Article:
When Christian Nutt asked me to write an article for Gamasutra on the topic of publishers, I wasn’t sure what to do. Spry Fox is relatively committed to self-publishing our games and I haven’t kept up with developments in the publishing space. So after writing and discarding a few half-hearted introductions to this article, I decided that the most useful and honest thing that I could do is simply explain why, with one aging exception, Spry Fox has avoided working with publishers.
An important thing to bear in mind, if you’re not familiar with our company, is that we are primarily focused on developing F2P games that we hope to maintain and evolve for years to come. We haven’t been trying to secure a slot on XBLA and we haven’t been trying to sell boxed product. We view everything through the lens of “will this partnership enable us to make a better game, to learn important lessons and to eventually become more independent.”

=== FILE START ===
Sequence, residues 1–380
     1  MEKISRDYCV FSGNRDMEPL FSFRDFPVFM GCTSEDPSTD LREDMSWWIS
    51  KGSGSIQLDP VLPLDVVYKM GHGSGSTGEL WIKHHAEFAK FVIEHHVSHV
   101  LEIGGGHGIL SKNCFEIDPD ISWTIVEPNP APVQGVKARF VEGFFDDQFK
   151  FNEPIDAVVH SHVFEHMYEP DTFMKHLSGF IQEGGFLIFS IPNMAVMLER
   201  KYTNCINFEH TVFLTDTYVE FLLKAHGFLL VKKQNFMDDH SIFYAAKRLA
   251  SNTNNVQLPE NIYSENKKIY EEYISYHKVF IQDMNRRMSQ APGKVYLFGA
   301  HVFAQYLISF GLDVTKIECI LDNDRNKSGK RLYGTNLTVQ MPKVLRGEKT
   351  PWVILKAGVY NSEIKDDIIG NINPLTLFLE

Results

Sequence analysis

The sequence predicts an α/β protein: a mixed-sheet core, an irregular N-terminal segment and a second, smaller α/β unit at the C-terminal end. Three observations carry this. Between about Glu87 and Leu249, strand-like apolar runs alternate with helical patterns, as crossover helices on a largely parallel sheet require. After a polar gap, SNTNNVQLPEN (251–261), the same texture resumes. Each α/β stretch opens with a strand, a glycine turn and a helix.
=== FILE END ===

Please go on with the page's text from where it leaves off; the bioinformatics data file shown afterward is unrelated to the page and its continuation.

So, that said: I’ve met a few really interesting publishers in the past couple years; folks who seems smart, motivated and knowledgeable about things that I wish I knew more about. We haven’t done any deals. Why? It always comes down to three issues:
Issue #1: Paid user acquisition
One of the major reasons why many F2P game developers want to work with publishers is because they are terrified by the skyrocketing costs of user acquisition on Web and mobile platforms. They figure, “I don’t know how to do this user acquisition thing and I couldn’t afford it even if I did, so I need a publisher.”